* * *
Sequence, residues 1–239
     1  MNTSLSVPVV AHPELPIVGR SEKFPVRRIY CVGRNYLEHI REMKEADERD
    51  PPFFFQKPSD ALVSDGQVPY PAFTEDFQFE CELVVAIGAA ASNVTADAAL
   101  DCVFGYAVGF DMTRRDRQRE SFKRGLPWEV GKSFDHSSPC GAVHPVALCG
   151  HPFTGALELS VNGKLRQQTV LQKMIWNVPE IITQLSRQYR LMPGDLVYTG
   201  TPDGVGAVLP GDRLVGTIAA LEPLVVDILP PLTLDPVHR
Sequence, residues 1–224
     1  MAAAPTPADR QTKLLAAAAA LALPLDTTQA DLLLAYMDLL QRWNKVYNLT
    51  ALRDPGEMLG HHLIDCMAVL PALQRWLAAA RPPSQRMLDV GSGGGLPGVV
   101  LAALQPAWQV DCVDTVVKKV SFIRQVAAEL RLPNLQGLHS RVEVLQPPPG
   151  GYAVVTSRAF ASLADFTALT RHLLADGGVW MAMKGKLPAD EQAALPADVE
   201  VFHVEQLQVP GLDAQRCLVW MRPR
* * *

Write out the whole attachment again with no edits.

Sequence, residues 1–239
     1  MNTSLSVPVV AHPELPIVGR SEKFPVRRIY CVGRNYLEHI REMKEADERD
    51  PPFFFQKPSD ALVSDGQVPY PAFTEDFQFE CELVVAIGAA ASNVTADAAL
   101  DCVFGYAVGF DMTRRDRQRE SFKRGLPWEV GKSFDHSSPC GAVHPVALCG
   151  HPFTGALELS VNGKLRQQTV LQKMIWNVPE IITQLSRQYR LMPGDLVYTG
   201  TPDGVGAVLP GDRLVGTIAA LEPLVVDILP PLTLDPVHR
Sequence, residues 1–224
     1  MAAAPTPADR QTKLLAAAAA LALPLDTTQA DLLLAYMDLL QRWNKVYNLT
    51  ALRDPGEMLG HHLIDCMAVL PALQRWLAAA RPPSQRMLDV GSGGGLPGVV
   101  LAALQPAWQV DCVDTVVKKV SFIRQVAAEL RLPNLQGLHS RVEVLQPPPG
   151  GYAVVTSRAF ASLADFTALT RHLLADGGVW MAMKGKLPAD EQAALPADVE
   201  VFHVEQLQVP GLDAQRCLVW MRPR